A general view of Jonchères
|• Mayor (2014–2020)||Yann Fontaine|
|16.68 km2 (6.44 sq mi)|
|• Density||1.7/km2 (4.5/sq mi)|
|Time zone||UTC+01:00 (CET)|
|• Summer (DST)||UTC+02:00 (CEST)|
|Elevation||719–1,560 m (2,359–5,118 ft) |
(avg. 910 m or 2,990 ft)
|1 French Land Register data, which excludes lakes, ponds, glaciers > 1 km2 (0.386 sq mi or 247 acres) and river estuaries.|
Jonchères is a commune in the Drôme department in southeastern France, in the region of Auvergne-Rhône Alpes. It is located in the Béous valley, an affluent of the left bank of the Drôme river. The village is on a small winding road that climbs from the town of Luc-en-Diois 8 kilometres (5.0 miles) away, toward Prémol Pass. The village is at an altitude of 911 metres (2,989 feet), surrounded by mountains thick with fir and pine. The closest nearby villages are Poyols, Bellegarde-en-Diois and Volvent. The sub-prefecture is 25 kilometres (16 miles) away.
The name Jonchères comes from the Latin joncus, meaning rushes. The word jonchère in French means area of rushes, the grass-like marsh plants of the family Juncaceae. The stem of the rush is used in making chair seats, baskets, mats etc.
In 1789, it was specified in the census report that the number of inhabitants varied annually according to the number of servants and shepherds. Included in the report was the information that most of the illnesses recorded in Jonchères were due to malnutrition of its inhabitants most of whom were born poor. At the time, wheat, rye, vegetables and a little hay were grown, but no other crops because of the difficulties of watering. And there were high taxes to pay to the lords and bishops of Die.
In the mid 1800s, Jonchères had an annual fair on September 12. In 2017, a Jonchères resident found in a flea market an original document from 1835 announcing this fair. A Royal Ordinance of October 26, 1834 established the fair in the commune of Jonchères, canton of Luc-en-Diois, which was to take place every year on September 12, beginning in 1835. In the document, it was explained that the new route from Die to Nyons was now passable, facilitating the transport of merchandise, and that the local position of Jonchères, relative to goods and animals plentiful in the area, would provide lucrative advantages to any and all merchants who wished to participate in the fair. It was also announced that for the first year of the fair there would be “many awards of encouragement.” The document is dated August 20, 1835 and signed by the Jonchères Mayor, Monsieur Garcin who asked his colleagues to widely distribute the document. The document was printed at the Jules Chevalier printing press in the town of Die.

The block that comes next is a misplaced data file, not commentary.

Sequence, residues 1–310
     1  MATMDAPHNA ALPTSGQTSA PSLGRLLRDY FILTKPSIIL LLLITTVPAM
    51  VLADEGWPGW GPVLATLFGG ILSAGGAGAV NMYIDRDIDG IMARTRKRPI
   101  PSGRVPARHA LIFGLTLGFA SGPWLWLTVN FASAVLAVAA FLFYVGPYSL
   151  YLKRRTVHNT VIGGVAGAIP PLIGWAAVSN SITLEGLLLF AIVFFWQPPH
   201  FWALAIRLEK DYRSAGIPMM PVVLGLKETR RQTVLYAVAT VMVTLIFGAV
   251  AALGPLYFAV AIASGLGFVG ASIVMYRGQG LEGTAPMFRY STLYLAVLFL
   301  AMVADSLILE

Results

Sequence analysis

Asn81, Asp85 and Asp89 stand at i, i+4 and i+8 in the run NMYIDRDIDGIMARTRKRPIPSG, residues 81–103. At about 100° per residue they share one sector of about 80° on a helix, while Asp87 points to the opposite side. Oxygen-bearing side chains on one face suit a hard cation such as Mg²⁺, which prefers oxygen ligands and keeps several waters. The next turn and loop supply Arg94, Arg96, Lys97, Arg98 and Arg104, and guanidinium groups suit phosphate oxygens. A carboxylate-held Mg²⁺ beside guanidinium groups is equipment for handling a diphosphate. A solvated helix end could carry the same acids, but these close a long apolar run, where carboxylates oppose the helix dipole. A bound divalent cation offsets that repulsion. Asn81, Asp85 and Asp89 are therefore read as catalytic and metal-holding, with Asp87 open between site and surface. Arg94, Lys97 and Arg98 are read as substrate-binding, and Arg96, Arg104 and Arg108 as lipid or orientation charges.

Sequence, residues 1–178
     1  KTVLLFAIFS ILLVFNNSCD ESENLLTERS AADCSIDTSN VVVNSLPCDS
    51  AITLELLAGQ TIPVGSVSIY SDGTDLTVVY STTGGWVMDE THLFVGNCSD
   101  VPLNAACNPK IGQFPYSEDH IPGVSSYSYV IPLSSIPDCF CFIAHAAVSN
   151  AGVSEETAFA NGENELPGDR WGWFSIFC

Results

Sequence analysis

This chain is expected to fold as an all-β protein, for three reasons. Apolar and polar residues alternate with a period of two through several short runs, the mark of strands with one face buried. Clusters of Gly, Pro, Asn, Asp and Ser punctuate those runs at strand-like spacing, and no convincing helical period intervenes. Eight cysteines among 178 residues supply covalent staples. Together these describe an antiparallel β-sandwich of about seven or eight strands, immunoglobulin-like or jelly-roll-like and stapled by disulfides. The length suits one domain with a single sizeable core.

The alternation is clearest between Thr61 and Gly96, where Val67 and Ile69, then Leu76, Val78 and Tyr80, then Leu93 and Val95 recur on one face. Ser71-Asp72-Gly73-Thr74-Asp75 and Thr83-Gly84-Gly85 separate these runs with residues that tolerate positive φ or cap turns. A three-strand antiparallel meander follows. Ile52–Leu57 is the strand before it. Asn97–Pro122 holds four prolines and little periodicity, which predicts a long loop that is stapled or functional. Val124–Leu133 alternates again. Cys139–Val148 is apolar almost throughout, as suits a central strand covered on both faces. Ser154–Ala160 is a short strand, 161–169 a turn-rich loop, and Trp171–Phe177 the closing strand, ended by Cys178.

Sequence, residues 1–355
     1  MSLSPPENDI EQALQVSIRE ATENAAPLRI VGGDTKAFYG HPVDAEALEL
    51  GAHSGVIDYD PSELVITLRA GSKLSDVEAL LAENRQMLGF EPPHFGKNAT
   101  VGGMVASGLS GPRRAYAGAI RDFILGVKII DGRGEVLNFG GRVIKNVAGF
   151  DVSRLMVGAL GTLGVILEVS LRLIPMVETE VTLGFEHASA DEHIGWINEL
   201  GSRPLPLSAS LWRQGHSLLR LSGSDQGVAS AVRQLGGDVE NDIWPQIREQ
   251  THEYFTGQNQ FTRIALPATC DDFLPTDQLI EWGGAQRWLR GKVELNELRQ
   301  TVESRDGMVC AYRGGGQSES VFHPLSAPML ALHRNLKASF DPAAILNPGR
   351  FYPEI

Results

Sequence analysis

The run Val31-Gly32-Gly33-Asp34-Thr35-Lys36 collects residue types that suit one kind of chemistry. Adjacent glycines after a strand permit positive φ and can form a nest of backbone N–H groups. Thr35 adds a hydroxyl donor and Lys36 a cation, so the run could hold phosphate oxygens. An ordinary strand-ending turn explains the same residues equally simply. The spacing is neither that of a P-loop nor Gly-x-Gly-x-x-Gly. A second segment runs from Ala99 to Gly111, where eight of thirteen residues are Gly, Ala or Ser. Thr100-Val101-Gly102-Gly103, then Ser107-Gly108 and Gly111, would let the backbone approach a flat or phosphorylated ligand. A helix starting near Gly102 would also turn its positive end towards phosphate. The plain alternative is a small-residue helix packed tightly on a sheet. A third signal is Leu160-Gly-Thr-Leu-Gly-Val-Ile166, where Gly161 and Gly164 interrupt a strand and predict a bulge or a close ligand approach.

The main products of the village in the 1800s were rye, oats, walnuts and grazing of animals.
In the 1900s, the farmers began to grow lavender on their fields. The last lavender field was abandoned in the early 2000s. Lavender is still a main crop in the Drôme region.
By 2017, only one farmer remained in the village with his flock of sheep and goats. There are no shops in the village. The former communal oven was renovated into a small pizzeria-restaurant open only during vacations. At least half of the houses of the village are now owned by people outside the village who use them as vacation homes.
Monuments and patrimony
Near Jonchères (east of the town of Luc-en-Diois) is an immense rock fall from a cliff edge that broke off some 400 years ago. The place is called "The Claps" and its "Saut de la Drôme" or waterfall resulting from the rock fall is listed as a "national patrimony" of France.
Beautiful hiking is possible from Jonchères in all directions: the national Claps forest, the mountains of Volvent, Montenier, Proloubeau, Boutarinard, Premol Pass. (964 m. altitude)
As of 2016, there were 32 inhabitants of the village. The evolution of the number of inhabitants is known through the census of the population effected in the village since 1698 (204 inhabitants). In 1789 there were 261 inhabitants, including children, servants and shepherds.
The highest population recorded in Jonchères was in 1836 with 339 inhabitants. Since then, the population has steadily deceased: 164 in 1901, 69 in 1936, 50 in 1975.
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